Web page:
Make healthy meals a core part of your day
The nutrient-dense apple is a tasty partner to maple-glazed pork chops. | Melissa Elsmo~For Sun-Times Media
Maple Glazed Pork Chops with Apples and Thyme
Serve these back-to-school inspired chops with steamed green vegetables and boiled red potatoes.
4 boneless 1-inch thick pork chops (about 4 oz each)
2 Tablespoons plus 1 teaspoon grape seed or canola oil
Salt and pepper
4 thyme sprigs
2 Tablespoons maple syrup
¼ teaspoon orange zest
1 Tablespoon butter
2 medium apples, halved and cut into thin wedges
1 teaspoon fresh thyme leaves
2 Tablespoons orange juice
½ cup unsweetened applesauce
Heat 2 tablespoons of grape seed oil in a medium skillet until nearly smoking. Meanwhile season the pork chops on both sides with salt and pepper. Place the pork chops into the hot oil and allow to sear on one side without disturbing for 5 minutes. Scatter the thyme sprigs around the searing pork (take care the leaves may cause a small spatter). Flip the pork and allow to sear for 3 minutes before reducing heat to medium. Mix the maple syrup and the orange zest and brush liberally on the pork chops and allow then to continue cooking for 2 minutes until just cooked through. Rest for 5 minutes before serving.
While the pork chops are cooking prepare the sautéed apples. Heat the remaining teaspoon of grape seed oil and the butter over medium heat until melted and bubbling. Add the apple wedges and season with a little salt and pepper. Cook, stirring frequently until apples are slightly golden and quite tender. Mix in the thyme leaves and orange juice. Serve the sautéed apples over the pork chops garnished with applesauce.
Updated: October 9, 2012 5:08PM
Homespun images of pinafore-clad prairie girls offering shiny red apples to their teachers conjure up all sorts of nostalgic back-to-school feelings.
It’s funny how thoughts of a simple fruit give way to visions of newly sharpened pencils, paper bag covered text books and clanging school bells. Apples were historically given to hardworking teachers by over-eager students, sometimes known as “apple polishers” as means to curry favor or show appreciation.
Today’s Apple iPhone toting kids have let this little tradition fall by the wayside. Consequently, I don’t know anyone who has actually sent their child out the door on the first day of school with a bright red apple in hand, but apples remain synonymous with education and learning.
Rather than suggest resurrecting the time honored “apple for the teacher” tradition, I’d like to encourage parents and caregivers to view the humble apple as a symbol of the essential role wholesome meals play in the lives of young students. As much as dedicated teachers would likely enjoy a nutrient dense snack during a busy work day, feeding children apples as part of a well-balanced diet at home is the best possible gift parents could give a teacher.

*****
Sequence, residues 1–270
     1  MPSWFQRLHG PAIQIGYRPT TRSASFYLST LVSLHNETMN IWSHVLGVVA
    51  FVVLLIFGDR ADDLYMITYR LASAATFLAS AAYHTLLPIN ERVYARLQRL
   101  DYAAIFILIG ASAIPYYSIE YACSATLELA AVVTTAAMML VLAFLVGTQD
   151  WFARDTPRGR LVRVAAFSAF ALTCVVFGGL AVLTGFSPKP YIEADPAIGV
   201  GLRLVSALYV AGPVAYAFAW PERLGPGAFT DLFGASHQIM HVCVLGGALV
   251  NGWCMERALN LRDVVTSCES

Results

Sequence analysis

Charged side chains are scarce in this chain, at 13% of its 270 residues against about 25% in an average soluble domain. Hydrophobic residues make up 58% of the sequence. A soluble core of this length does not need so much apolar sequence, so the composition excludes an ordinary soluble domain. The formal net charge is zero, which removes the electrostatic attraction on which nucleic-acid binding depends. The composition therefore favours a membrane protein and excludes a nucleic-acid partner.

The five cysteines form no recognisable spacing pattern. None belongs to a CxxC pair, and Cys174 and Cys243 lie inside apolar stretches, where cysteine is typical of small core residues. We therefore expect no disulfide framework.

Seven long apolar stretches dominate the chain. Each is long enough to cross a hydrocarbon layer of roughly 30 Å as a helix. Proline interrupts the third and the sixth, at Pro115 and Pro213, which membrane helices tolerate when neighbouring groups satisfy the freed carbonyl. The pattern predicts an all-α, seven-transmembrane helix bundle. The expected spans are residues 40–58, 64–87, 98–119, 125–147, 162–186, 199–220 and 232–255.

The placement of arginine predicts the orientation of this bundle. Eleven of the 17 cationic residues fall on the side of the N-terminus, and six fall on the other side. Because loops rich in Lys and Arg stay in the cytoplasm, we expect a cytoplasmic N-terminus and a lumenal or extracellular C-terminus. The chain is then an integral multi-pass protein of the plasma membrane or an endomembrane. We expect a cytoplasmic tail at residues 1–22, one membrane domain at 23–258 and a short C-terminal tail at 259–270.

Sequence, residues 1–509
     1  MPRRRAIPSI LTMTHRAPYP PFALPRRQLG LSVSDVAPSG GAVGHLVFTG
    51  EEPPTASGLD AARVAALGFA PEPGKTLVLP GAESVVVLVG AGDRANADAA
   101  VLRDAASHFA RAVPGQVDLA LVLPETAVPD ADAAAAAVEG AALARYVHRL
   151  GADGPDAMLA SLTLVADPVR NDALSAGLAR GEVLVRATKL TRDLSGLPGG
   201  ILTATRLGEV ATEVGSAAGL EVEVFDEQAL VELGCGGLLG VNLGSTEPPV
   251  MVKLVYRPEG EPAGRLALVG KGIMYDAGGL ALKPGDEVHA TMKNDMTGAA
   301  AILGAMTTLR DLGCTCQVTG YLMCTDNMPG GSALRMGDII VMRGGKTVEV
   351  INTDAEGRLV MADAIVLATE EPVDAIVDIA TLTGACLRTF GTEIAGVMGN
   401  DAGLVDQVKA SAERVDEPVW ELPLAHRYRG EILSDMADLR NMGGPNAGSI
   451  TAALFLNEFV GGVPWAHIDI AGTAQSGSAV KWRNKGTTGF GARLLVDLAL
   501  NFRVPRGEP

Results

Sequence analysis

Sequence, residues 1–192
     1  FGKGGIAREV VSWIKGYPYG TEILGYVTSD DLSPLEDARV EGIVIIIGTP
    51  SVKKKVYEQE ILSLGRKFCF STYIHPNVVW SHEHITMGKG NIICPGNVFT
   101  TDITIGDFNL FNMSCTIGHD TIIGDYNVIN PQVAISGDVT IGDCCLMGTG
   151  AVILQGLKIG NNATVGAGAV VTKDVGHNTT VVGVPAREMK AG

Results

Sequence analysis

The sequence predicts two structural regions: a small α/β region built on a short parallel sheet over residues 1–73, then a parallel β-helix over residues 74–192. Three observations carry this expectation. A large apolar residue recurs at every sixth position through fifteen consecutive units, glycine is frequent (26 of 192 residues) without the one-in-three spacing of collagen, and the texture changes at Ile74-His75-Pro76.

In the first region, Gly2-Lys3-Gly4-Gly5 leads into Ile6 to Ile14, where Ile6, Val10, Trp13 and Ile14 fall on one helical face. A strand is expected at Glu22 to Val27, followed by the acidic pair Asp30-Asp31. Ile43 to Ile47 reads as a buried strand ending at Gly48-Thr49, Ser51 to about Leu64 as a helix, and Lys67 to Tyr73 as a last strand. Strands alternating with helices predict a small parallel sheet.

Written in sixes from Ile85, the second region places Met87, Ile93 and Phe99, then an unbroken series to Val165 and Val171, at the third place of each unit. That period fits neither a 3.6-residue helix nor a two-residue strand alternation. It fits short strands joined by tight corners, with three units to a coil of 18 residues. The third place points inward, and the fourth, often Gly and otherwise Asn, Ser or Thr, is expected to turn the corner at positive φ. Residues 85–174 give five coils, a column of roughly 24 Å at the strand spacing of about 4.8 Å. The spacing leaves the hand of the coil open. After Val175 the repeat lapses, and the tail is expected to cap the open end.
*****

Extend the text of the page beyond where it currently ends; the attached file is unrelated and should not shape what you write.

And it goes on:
My grandma taught first grade for the better part of her life and she would often speak about the easily identifiable characteristics of underfed or malnourished students in her diverse classroom. In a time before researchers connected nutrition and academics, she would speak with concern about students who spent their days trying not to fall asleep in class; boys and girls who seemed distant, distracted, and even excitable were ever present in her classroom. Each day, my grandma would interview her students about what they had eaten since the previous day’s lunch and would frequently receive mumbled and murky responses. Like so many generous teachers, she began keeping a supply of healthy snacks in her classroom to make up for the deficits at home. Her hungriest students would perk up upon seeing oranges, yogurt and bananas waiting for them in the morning.
Food insecurity in the United States remains a national concern with the USDA reporting that 16 million children live in food insecure households. Hunger is a reality in our communities and studies show that both classroom behavior and overall academic performance are directly linked to the quality and quantity of foods included in the diets of growing children. A study published in the 2008 Journal of School Heath suggests that students with healthy and well balanced diets will enjoy more academic success than children consuming unhealthy food items.
As children head back to school, it is time for families to reprioritize healthy family dining and set the tone for a successful school year; weather that means sticking to a budget, taking advantage of school meal programs, or making a donation to a local food pantry it is crucial to provide nutritious meals and snacks at home. Trust me — teachers will appreciate the fruits of your labor.
Melissa Elsmo is an Oak Park mom, wife and chef/foodie. She speaks regularly about reclaiming the family dinner hour with nutritious meals. Check out her food blog at www.outofmelskitchen.blogspot.com.